Director Jim Hosking shows things on screen that many of us never thought we'd want to see. Whether that's oiled up senior citizens bumpin' uglies or grown men in short shorts shouting nonsense at other grown men in wigs, his work may be difficult to digest, but no one can deny it's oddly captivating.
It does beg the question, however, of what the hell is going on in this guy's brain? Before introducing his latest film, An Evening With Beverly Luff Linn at Sundance two weeks ago, Hosking took the stage and made mention of what everyone in the audience was thinking. "Yes, I am the exceedingly normal looking person that makes these incredibly fucked up films." As I found after interviewing Hosking, his co-writer David Wike, and his lead actor Jemaine Clement, the director's style is anything but normal.
Prior to where my recording begins, Jim, David, Jemaine and I were trying to land on a definition for the term "deconstruction" as it can be applied to filmmaking. We came to some sort of agreement of it meaning the different elements of mis en scene that are first separated and then re-put together. In Hosking's work, this is apparent via how actors tie specifically awkward gestures to dialogue, or even how he takes away lines completely, replacing them with grunts and moans.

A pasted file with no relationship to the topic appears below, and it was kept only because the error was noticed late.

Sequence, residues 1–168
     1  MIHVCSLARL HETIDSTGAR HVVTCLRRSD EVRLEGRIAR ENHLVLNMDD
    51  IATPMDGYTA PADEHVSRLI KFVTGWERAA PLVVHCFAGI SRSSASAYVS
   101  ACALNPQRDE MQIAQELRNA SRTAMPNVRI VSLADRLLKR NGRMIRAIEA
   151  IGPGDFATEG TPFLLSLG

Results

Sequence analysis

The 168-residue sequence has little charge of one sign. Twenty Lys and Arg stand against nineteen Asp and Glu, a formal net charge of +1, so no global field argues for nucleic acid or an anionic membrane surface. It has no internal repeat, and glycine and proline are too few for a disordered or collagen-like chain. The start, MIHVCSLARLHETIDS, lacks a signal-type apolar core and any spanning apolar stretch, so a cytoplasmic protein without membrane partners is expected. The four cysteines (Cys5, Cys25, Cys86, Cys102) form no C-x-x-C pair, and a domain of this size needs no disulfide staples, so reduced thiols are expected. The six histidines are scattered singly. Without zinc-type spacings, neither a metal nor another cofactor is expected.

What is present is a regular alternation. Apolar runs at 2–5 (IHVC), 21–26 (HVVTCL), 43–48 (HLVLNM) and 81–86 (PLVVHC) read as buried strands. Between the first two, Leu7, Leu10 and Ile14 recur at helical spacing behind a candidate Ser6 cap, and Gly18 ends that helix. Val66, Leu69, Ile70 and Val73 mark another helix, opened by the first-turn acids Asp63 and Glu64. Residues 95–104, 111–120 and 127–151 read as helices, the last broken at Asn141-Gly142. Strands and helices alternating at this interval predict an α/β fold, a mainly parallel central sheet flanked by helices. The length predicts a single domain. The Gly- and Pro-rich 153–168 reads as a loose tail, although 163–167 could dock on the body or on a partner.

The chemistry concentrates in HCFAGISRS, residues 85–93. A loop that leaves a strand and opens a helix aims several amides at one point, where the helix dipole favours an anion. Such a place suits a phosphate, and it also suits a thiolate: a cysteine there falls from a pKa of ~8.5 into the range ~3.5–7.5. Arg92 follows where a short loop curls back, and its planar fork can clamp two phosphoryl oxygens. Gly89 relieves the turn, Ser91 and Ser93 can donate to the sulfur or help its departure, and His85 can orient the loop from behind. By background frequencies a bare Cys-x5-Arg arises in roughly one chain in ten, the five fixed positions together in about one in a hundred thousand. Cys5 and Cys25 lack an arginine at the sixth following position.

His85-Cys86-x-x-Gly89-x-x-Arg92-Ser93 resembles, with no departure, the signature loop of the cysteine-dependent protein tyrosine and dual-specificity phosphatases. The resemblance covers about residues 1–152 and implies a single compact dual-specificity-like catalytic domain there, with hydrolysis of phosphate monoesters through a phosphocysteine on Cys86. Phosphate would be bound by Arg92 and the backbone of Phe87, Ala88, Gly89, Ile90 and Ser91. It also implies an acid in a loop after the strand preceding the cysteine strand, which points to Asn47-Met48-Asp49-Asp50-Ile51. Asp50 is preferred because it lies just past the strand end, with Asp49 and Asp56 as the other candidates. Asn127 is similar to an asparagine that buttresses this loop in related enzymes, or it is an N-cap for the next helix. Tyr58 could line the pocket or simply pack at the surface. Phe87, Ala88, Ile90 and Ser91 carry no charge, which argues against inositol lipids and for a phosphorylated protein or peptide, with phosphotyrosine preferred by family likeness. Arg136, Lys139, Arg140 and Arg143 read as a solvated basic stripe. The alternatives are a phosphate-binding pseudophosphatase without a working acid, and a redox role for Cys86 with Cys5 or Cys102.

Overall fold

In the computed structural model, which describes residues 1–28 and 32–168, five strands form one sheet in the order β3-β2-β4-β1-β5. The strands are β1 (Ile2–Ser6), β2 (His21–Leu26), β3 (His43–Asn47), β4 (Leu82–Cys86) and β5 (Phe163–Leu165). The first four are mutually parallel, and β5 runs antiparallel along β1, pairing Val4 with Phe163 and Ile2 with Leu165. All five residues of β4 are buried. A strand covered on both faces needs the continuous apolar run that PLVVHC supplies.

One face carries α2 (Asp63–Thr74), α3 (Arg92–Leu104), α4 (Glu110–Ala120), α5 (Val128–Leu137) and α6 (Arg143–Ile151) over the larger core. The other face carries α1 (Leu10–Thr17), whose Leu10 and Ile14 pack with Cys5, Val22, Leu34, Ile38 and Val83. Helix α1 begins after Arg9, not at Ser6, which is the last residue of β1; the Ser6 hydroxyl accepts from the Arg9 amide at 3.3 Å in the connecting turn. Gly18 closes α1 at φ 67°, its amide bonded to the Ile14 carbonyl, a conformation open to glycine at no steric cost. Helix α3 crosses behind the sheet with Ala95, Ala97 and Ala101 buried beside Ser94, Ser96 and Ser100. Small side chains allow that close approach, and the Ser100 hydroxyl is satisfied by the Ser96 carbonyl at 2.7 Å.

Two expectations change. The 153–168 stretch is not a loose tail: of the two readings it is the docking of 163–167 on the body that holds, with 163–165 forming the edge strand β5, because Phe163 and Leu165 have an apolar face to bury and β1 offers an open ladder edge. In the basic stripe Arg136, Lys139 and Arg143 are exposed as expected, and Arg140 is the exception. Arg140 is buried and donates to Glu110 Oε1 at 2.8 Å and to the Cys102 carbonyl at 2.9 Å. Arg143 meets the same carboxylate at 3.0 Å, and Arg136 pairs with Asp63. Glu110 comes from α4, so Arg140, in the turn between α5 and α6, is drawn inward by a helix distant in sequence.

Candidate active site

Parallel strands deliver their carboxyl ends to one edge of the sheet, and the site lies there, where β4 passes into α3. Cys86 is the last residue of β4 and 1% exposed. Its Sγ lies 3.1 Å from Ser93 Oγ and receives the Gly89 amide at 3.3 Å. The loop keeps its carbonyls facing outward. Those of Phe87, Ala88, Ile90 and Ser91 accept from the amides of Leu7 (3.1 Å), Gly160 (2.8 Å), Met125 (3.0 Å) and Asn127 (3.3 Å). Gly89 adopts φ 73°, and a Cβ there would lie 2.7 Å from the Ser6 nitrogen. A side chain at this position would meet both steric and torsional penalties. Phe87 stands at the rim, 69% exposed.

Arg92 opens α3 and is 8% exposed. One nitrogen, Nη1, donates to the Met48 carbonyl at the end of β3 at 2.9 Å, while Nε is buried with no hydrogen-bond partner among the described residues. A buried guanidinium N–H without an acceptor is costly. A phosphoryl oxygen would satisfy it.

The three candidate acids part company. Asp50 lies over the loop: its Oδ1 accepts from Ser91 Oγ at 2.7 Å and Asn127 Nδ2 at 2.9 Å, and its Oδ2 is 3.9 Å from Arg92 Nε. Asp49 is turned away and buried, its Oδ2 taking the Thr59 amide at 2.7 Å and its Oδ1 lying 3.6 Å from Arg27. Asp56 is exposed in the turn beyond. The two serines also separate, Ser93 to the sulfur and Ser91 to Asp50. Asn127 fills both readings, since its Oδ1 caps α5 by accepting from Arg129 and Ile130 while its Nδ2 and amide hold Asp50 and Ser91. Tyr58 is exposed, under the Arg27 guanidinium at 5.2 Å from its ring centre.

The strangeness of Hosking's work comes from complete and utter attention to detail. He breaks down performances to the slightest twitch of a finger. As you can see in the interview below, while there may be some odd methods to his style, all of these elements ultimately come back together to form something wholly unique.
"An Evening With Beverly Luff Linn"
No Film School: Jemaine, what was it like working with Jim when he found moments to provide you with gestures that matched your dialogue? Did you find any of those yourself?
Jemaine Clement: It's hard to remember. There's one part where I'm pretending to be trapped under the ice and I feel like it must have been in the script, but it could've possibly been me.
Jim Hosking:But there's something you do that is so funny that I don't even think you're aware of it. Your fingers are sort of shaking in a way that's just so funny. What's great is when you watch stuff back, you notice these nuanced things that were happening that you don't notice on set. I mean, there's actually a moment in the film— I have no idea how Aubrey [Plaza] did it—when Aubrey slaps Lawrence in the face, and I didn't even know they did that. It must've been so quiet, because it was right down the hall.